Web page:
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Search Results: 1 - 10 of 33180 matches for " Daniel Bloch "
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Comment on "Optical Response of Gas-Phase Atoms at Less than lambda/80 from a Dielectric Surface" published by K. A. Whittaker et al.
Daniel Bloch
Physics , 2014, DOI: 10.1103/PhysRevLett.114.049301
Abstract: Comment on "Optical Response of Gas-Phase Atoms at Less than lambda/80 from a Dielectric Surface" published by K. A. Whittaker, J. Keaveney, I. G. Hughes, A. Sargsyan, D. Sarkisyan, C. S. Adams in Phys. Rev. Lett. Lett 112 253201 (2014)
Resonant infiltration of an opal: reflection lineshape and contribution from in-depth regions
Isabelle Maurin,Daniel Bloch
Physics , 2015,
Abstract: We analyze the resonant variation of the optical reflection on an infiltrated artificial opal made of transparent nanospheres. The resonant infiltration is considered as a perturbation in the frame of a previously described one-dimensional model based upon a stratified effective index. We show that for a thin slice of resonant medium, the resonant response oscillates with the position of this slice. We derive that for adequate conditions of incidence angle, this spatially oscillating behavior matches the geometrical periodicity of the opal, and hence the related density of resonant infiltration. Close to these matching conditions, the resonant response of the global infiltration varies sharply in amplitude and shape with the incidence angle and polarization. The corresponding resonant reflection originates from a rather deep infiltration, up to several wavelengths or layers of spheres. Finally, we discuss the relationship between the present predictions and our previous observations on an opal infiltrated with a resonant vapor.
Spectroscopy in Extremely Thin Vapor Cells : Sensitivity Issues
Martial Ducloy,Daniel Bloch
Physics , 2005,
Abstract: This communication focuses on sensitivity issues - a long-time concern of J. Hall- in the spectroscopic analysis of Extremely Thin Cell of dilute vapor. With these small and often submicrometric slices of vapor, the most uncommon features are the relatively small number of interacting atoms, and the fact that essential results are already obtained in the frame of linear spectroscopy.
Atom-Wall interaction
Daniel Bloch,Martial Ducloy
Physics , 2005,
Abstract: This chapter deals with atom-wall interaction occurring in the "long-range" regime (typical distances: 1-1000 nm), when the electromagnetic fluctuations of an isolated atom are modified by the vicinity with a surface. Various regimes of interaction are discussed in an Introductory part, from Cavity Quantum ElectroDynamics modifications of the spontaneous emission, to Casimir effect, with emphasis on the atom-surface van der Waals interaction, characterized as a near-field interaction governed by a z-3 dependence. The major part of the Chapter focuses on the experimental measurements of this van der Waals interaction, reviewing various recent techniques, and insists upon optical techniques, and notably selective reflection spectroscopy which is particularly well-suited when excited atoms are considered. A review of various experiments illustrates the specific effects associated with a resonant coupling between the atomic excitation and surface modes, from van der Waals repulsion to surface-induced resonant transfer, and with anisotropy effects, including metastability transfer induced by a quadrupole contribution in the interaction. The effects of a thermal excitation of the surface -with a possible remote energy transfer to an atom-, and of interaction with nanobodies -which are intrinsically non planar- are notably discussed among the prospects.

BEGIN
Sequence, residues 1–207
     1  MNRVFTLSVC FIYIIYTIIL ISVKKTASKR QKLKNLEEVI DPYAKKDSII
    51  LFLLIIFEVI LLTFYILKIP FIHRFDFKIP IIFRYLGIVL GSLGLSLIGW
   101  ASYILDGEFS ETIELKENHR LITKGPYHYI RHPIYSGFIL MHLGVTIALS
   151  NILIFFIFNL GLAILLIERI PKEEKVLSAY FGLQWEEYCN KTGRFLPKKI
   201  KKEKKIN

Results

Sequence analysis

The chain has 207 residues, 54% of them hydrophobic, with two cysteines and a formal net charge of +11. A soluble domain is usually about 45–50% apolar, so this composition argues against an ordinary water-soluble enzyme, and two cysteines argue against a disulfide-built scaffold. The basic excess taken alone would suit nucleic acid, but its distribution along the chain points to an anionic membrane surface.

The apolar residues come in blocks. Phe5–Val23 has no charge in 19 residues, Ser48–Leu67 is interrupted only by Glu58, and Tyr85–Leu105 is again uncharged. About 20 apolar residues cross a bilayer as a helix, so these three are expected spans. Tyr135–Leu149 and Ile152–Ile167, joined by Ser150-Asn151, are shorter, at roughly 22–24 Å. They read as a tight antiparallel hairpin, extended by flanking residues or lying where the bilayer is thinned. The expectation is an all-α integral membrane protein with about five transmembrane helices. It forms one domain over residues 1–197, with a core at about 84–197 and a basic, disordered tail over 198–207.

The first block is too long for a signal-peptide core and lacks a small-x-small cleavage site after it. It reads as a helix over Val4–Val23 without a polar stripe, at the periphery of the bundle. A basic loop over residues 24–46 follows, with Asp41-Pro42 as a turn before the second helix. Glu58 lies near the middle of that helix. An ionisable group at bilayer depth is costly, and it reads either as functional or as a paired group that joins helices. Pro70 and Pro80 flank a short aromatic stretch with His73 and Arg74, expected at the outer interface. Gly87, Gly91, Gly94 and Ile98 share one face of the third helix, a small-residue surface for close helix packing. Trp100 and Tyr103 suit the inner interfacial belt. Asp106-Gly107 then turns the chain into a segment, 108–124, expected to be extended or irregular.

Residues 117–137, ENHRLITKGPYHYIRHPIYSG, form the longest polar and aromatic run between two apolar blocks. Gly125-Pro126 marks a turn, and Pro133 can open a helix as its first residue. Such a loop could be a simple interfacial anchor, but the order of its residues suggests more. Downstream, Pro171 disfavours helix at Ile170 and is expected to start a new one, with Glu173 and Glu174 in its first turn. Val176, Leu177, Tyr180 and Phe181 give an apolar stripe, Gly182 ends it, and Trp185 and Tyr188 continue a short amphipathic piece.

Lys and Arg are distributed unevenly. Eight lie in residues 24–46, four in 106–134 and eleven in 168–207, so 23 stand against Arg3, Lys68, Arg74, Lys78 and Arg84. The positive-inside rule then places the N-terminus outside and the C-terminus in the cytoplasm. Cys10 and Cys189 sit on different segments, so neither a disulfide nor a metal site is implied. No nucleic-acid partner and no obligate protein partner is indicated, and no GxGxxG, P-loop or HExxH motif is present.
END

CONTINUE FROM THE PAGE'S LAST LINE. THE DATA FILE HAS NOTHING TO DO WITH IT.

Fluoxetine and Suicide Rates: Suicide and the Economy
Carlos A Camargo ,Daniel A Bloch
PLOS Medicine , 2006, DOI: 10.1371/journal.pmed.0030501
A Tabulation and Critical Analysis of the Wavelength-Dependent Dielectric Image Coefficient for the Interaction Exerted by a Surface onto a Neighbouring Excited Atom
Solomon Saltiel,Daniel Bloch,Martial Ducloy
Physics , 2006, DOI: 10.1016/j.optcom.2006.03.034
Abstract: The near-field interaction of an atom with a dielectric surface is inversely proportional to the cube to the distance to the surface, and its coupling strength depends on a dielectric image coefficient. This coefficient, simply given in a pure electrostatic approach by (eps-1) / (eps+1) with eps the permittivity, is specific to the frequency of each of the various relevant atomic transition : it depends in a complex manner from the bulk material properties, and can exhibit resonances connected to the surface polariton modes. We list here the surface resonances for about a hundred of optical windows whose bulk properties are currently tabulated. The study concentrates on the infrared domain because it is the most relevant for atom-surface interaction. Aside from this tabulation, we discuss simple hints to estimate the position of surface resonances, and how uncertainties in the bulk data for the material dramatically affect the predictions for the image coefficient. We also evaluate the contribution of UV resonances of the material to the non resonant part of the image coefficient.
The role of strategy and redundancy in diagnostic reasoning
Ralph F Bloch, Daniel Hofer, Sabine Feller, Maria Hodel
BMC Medical Education , 2003, DOI: 10.1186/1472-6920-3-1